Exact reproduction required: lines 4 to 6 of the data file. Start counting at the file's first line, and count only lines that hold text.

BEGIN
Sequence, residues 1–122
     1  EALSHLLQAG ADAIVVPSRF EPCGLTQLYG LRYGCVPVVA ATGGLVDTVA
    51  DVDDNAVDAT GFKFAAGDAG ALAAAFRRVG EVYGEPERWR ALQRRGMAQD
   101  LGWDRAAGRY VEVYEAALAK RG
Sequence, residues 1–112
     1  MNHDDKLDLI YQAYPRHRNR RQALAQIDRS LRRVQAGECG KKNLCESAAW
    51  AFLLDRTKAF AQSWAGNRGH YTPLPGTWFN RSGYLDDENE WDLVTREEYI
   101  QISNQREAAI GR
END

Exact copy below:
   101  LGWDRAAGRY VEVYEAALAK RG
Sequence, residues 1–112
     1  MNHDDKLDLI YQAYPRHRNR RQALAQIDRS LRRVQAGECG KKNLCESAAW